On April 5, 2014 Education Quality Standards were adopted by the Legislative Rules Committee of the Vermont Legislature. You may ask, “What does that have to do with me, or collaboration-the theme of this blog?” The bigger question is, “In my state, are there administrative guidelines for establishing school library programs led by certified school librarians that support state education statues?” The answer to this question varies across the country. You may be surprised when you start to do some digging. What’s happening in your neck of the woods? How can you find out?
A year ago, the draft document for Vermont State Board of Education, Education Quality Standards (EQS), omitted any language that pertained to school libraries, or certified professional teacher librarians. That’s when the collaborative team of volunteers from the Vermont School Library Association (VSLA) went into action mode. Last September in this blog, I posted some details about our plan to insert appropriate language into the document. It has taken time to work through the whole process, but we are delighted that our collaborative efforts have made a difference. Now public school districts using the EQS to meet state law requirements have guidelines for school library programs and staffing that are embedded within the big picture of educational programs and services in Vermont. The document itself reinforces a commitment to equitable student centered learning, and is quite progressive.
The takeaway from our experience highlights the power of collaboration, and the need for continued advocacy at many different levels. We have to be able to show and tell the value of a school library program for students. Recently on this blog, we have been focusing on ideas for collaboration, not only with our co-teachers, but also with our principals. The grassroots approach builds influence, acceptance, and support for our programs and our positions.
In Vermont, we have been asking the question, “Does your principal know what you do-really know and understand the complexities of your job?” Heidi Huestis, Professional Concerns Chair of VSLA, and I conducted a short survey of members to get a picture of existing job descriptions and evaluation systems in schools across the state. The results, based on responses from almost 40% of active members have led us to ask more questions. We will use this information and future surveys and other research to plan for advocacy as an organization.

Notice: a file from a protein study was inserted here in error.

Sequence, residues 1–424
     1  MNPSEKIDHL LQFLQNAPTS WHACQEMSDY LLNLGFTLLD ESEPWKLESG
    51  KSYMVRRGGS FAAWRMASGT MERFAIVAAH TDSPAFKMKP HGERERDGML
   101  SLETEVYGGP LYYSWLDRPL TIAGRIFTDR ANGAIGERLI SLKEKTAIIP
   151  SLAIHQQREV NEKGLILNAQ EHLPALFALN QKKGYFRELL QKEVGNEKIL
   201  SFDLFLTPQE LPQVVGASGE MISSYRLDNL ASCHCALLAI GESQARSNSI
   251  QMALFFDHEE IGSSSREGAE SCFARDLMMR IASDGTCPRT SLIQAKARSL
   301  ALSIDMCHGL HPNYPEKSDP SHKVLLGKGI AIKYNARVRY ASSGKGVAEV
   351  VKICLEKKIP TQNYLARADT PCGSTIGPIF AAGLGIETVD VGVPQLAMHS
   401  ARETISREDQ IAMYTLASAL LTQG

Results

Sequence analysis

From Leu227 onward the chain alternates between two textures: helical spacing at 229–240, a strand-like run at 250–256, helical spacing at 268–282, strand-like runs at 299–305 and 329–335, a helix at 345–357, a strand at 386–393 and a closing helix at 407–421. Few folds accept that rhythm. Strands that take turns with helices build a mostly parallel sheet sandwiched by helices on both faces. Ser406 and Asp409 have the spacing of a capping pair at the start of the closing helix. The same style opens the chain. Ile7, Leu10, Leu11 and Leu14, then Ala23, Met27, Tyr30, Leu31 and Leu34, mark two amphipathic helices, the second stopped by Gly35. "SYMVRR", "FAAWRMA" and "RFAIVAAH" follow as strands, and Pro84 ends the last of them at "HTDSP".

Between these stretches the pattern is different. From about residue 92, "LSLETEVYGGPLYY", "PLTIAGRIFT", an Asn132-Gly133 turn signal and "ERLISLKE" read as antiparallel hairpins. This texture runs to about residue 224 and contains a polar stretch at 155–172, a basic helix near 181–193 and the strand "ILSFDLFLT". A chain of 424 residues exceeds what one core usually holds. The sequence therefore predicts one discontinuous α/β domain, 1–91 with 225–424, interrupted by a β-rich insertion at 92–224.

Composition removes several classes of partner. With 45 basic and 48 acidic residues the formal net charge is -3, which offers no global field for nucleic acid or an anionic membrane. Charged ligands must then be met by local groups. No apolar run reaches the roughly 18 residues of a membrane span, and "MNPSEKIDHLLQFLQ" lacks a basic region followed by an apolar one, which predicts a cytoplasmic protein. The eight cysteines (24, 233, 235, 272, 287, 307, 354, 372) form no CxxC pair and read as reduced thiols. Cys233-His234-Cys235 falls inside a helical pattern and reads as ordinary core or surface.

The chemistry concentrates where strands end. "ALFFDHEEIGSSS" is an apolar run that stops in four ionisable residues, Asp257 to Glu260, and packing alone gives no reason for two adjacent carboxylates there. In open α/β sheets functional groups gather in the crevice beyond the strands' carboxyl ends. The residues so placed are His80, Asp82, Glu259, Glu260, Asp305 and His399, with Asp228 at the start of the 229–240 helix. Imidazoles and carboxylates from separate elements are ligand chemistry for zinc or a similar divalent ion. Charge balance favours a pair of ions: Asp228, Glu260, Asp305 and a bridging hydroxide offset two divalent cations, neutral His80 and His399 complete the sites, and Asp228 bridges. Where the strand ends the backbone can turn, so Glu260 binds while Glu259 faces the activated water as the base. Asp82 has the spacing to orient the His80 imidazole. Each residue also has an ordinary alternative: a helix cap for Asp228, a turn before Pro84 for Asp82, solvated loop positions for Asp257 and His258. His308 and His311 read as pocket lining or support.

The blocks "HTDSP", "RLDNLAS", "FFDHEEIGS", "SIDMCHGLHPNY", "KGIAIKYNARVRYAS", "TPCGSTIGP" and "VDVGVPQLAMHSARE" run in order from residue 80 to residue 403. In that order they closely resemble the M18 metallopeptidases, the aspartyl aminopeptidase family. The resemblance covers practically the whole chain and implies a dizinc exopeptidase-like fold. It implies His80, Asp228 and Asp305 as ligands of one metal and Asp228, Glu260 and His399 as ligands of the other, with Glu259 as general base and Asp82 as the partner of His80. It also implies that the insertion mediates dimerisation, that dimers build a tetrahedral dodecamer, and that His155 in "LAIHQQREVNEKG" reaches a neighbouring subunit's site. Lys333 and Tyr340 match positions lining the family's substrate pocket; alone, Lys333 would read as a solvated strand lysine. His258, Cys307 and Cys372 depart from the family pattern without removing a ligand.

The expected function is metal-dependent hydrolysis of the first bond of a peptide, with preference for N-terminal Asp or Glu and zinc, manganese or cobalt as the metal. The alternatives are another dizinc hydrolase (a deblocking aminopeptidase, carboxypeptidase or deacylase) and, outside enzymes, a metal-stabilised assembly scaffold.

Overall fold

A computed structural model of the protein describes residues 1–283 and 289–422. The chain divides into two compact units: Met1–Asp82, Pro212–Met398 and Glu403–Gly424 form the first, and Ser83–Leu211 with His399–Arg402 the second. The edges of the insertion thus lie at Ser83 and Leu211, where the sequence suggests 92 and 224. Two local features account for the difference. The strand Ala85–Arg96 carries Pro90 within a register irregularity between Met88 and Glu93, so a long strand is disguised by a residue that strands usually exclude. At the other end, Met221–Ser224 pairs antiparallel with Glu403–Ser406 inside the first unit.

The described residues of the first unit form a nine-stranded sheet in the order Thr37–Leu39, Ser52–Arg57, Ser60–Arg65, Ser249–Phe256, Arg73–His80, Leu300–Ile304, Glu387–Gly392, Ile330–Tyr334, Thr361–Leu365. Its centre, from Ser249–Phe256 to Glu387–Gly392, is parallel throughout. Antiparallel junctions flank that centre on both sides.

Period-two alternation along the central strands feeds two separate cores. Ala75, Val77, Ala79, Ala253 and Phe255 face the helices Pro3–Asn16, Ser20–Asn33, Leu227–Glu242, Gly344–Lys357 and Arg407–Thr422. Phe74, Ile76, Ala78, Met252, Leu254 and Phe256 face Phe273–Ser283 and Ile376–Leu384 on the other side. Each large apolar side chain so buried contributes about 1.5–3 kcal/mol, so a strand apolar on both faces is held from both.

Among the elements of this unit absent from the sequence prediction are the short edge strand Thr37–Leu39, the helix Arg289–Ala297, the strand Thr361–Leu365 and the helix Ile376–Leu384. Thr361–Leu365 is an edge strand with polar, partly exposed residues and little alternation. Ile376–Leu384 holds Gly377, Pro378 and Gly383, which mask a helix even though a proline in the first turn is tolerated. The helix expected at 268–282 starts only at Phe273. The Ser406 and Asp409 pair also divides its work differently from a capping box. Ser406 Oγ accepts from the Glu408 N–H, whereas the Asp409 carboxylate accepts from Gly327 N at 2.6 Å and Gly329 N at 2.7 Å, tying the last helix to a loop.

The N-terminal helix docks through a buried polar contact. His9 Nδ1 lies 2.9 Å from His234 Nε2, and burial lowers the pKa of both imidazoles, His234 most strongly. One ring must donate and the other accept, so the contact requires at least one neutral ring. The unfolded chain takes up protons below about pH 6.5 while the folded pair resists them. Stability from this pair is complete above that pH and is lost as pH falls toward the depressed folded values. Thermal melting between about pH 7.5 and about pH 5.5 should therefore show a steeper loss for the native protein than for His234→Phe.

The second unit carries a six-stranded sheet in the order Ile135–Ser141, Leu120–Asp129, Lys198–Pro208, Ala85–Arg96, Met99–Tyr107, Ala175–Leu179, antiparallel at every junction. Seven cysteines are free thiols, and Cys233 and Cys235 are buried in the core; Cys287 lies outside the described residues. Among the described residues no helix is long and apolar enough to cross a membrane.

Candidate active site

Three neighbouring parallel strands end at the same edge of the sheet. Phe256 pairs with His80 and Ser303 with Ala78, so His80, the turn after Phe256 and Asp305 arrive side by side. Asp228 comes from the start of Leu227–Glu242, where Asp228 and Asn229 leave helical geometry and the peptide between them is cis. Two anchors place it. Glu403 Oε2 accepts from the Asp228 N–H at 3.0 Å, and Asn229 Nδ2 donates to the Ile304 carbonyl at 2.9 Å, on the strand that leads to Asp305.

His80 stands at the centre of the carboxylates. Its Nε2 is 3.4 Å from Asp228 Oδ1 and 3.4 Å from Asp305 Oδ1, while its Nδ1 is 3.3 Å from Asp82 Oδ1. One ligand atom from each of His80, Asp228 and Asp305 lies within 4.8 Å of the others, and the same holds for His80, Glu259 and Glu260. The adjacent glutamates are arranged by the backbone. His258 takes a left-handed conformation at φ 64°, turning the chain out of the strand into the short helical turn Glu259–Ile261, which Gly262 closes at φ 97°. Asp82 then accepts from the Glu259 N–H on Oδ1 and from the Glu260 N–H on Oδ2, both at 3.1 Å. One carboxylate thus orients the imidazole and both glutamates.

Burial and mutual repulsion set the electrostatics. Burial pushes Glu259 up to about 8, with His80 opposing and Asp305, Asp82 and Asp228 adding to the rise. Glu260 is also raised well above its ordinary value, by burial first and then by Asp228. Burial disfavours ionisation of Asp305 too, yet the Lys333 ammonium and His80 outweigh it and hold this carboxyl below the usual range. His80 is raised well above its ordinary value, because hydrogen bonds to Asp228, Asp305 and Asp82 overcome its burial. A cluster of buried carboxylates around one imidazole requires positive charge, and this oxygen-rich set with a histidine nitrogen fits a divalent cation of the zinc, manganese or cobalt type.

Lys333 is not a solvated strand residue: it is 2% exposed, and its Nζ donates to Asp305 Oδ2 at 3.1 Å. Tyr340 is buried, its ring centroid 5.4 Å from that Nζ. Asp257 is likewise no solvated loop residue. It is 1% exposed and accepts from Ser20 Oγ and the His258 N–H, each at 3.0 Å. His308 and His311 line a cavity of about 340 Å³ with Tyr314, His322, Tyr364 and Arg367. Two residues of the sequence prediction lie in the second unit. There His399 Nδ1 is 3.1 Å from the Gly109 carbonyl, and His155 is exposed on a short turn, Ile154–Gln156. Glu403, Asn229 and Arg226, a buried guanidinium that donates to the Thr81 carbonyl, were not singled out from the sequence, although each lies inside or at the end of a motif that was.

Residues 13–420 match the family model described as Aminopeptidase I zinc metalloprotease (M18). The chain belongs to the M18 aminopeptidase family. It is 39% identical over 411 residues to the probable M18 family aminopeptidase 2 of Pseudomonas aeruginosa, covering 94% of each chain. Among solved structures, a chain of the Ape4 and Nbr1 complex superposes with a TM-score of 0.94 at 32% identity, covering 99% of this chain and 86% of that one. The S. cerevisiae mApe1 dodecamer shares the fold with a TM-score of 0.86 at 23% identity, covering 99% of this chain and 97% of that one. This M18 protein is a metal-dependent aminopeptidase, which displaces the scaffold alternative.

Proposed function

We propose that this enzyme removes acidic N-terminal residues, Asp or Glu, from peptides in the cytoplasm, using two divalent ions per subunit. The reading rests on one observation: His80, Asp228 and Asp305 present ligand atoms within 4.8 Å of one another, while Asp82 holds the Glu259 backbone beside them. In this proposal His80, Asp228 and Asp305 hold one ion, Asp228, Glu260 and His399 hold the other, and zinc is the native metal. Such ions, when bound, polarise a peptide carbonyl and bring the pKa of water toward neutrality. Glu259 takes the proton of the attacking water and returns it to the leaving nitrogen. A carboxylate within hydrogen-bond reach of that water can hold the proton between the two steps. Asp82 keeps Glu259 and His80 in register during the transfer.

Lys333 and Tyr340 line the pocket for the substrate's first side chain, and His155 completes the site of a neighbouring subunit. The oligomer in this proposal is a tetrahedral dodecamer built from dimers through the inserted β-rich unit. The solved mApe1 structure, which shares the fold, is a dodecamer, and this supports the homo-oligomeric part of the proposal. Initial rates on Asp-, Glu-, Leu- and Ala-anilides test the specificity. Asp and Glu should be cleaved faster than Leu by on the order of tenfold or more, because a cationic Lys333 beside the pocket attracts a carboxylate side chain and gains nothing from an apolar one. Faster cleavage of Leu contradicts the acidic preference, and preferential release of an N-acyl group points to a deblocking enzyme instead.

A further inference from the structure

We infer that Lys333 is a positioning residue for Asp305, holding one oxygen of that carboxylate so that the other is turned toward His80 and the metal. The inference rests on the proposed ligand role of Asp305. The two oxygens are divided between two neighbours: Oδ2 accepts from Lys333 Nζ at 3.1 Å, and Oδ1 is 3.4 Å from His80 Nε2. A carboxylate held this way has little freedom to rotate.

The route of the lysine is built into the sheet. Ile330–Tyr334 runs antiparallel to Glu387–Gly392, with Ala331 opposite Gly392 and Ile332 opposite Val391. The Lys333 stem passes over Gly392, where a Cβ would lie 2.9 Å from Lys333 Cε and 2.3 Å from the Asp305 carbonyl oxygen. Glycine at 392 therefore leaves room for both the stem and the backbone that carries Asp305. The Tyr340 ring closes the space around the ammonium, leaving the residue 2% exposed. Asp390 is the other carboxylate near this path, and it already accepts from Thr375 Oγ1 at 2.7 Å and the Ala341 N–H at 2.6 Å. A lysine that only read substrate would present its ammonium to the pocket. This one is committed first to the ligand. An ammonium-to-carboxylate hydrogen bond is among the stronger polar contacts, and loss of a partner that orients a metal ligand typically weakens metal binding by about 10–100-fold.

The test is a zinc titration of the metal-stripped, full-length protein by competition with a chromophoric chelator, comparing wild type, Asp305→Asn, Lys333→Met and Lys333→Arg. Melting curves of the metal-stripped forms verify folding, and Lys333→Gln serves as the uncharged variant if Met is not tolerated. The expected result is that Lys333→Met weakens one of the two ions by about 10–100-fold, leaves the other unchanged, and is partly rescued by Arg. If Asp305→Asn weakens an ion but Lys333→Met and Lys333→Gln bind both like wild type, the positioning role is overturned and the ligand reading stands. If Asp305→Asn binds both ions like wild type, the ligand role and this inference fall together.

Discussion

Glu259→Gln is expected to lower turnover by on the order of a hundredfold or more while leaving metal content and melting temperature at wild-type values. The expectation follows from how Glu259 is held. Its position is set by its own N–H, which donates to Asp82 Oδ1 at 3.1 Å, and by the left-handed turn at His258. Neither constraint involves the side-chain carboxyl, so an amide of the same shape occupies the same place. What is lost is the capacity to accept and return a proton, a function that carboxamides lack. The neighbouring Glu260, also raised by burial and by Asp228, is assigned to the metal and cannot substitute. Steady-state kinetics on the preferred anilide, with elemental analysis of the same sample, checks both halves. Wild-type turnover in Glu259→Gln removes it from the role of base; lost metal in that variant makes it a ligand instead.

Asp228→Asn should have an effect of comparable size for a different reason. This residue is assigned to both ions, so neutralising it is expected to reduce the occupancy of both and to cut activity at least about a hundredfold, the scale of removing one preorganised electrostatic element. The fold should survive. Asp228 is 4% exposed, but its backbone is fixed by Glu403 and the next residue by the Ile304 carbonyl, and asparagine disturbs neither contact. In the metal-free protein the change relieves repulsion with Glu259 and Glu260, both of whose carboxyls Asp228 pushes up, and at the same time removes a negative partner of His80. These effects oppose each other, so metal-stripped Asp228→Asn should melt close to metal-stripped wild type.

Earlier this month, we presented the findings from the survey at the Dynamic Landscapes Conference at Champlain College in Burlington, Vermont. Our presentation was titled-Under the Radar: Teacher Librarian Job Descriptions and Evaluations, and here’s a link to the slides, and the full survey is included on the resources page. We were especially pleased that Joyce Valenza, one of the keynote speakers at the conference, was there to share some ideas, too.
Job descriptions and evaluations are opportunities for starting conversations with principals and administrators. If you don’t have either, or if they are not updated, you are under the radar- not a good thing! If important stakeholders don’t know what you do, you are wearing an invisibility cloak. As Susan Ballard and others have said, “If you are not at the table, you may be on the menu.”
Dynamic Landscapes, May 16, 2014-Under the Radar: Teacher Librarians Job Descriptions and Evaluations https://docs.google.com/presentation/d/10BPsnIZC86WY17Bqodv3YHnEbXnaneZsRvZESkDccoA/edit#slide=id.g33504c028_034
Education Quality Standards, Vermont State Board of Education (Sections on staff and resources, 2121.2, 2121.3 and 2121.4) http://education.vermont.gov/state-board/rules/2000
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